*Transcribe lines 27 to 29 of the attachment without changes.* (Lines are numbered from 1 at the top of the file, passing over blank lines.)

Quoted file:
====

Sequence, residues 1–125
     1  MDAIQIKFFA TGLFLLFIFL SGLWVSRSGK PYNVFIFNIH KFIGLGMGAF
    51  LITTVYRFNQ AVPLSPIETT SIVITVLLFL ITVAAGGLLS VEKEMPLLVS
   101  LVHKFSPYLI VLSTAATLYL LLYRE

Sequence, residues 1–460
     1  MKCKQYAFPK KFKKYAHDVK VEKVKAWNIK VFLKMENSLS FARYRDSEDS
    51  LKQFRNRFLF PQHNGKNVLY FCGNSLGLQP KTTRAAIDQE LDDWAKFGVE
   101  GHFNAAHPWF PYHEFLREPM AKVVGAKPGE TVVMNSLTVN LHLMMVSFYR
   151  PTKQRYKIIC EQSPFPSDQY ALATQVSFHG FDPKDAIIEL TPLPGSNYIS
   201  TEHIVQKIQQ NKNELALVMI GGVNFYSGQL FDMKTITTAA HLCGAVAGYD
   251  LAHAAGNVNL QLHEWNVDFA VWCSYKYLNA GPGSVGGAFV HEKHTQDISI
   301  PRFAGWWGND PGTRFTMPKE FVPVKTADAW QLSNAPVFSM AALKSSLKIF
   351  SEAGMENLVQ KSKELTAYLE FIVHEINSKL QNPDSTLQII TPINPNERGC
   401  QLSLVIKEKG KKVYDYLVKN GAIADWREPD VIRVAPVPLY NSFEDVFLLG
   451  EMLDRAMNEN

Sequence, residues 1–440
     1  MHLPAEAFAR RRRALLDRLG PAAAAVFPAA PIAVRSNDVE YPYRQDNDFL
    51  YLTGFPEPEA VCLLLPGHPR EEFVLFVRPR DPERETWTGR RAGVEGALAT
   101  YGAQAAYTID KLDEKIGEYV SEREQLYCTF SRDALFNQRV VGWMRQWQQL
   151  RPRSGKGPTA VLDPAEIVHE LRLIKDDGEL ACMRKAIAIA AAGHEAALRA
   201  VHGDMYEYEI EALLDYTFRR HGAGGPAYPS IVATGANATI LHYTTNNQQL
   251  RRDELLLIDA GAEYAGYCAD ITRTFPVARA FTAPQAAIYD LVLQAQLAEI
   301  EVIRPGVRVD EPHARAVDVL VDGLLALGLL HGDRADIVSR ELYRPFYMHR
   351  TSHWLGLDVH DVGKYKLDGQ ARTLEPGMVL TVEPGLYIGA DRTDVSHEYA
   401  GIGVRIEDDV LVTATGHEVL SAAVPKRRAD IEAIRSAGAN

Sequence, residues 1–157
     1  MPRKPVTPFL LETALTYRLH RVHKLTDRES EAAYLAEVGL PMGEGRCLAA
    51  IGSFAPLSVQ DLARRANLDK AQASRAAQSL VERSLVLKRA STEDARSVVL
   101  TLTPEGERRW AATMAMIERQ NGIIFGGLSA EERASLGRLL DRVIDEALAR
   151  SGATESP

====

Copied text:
     1  MPRKPVTPFL LETALTYRLH RVHKLTDRES EAAYLAEVGL PMGEGRCLAA
    51  IGSFAPLSVQ DLARRANLDK AQASRAAQSL VERSLVLKRA STEDARSVVL
   101  TLTPEGERRW AATMAMIERQ NGIIFGGLSA EERASLGRLL DRVIDEALAR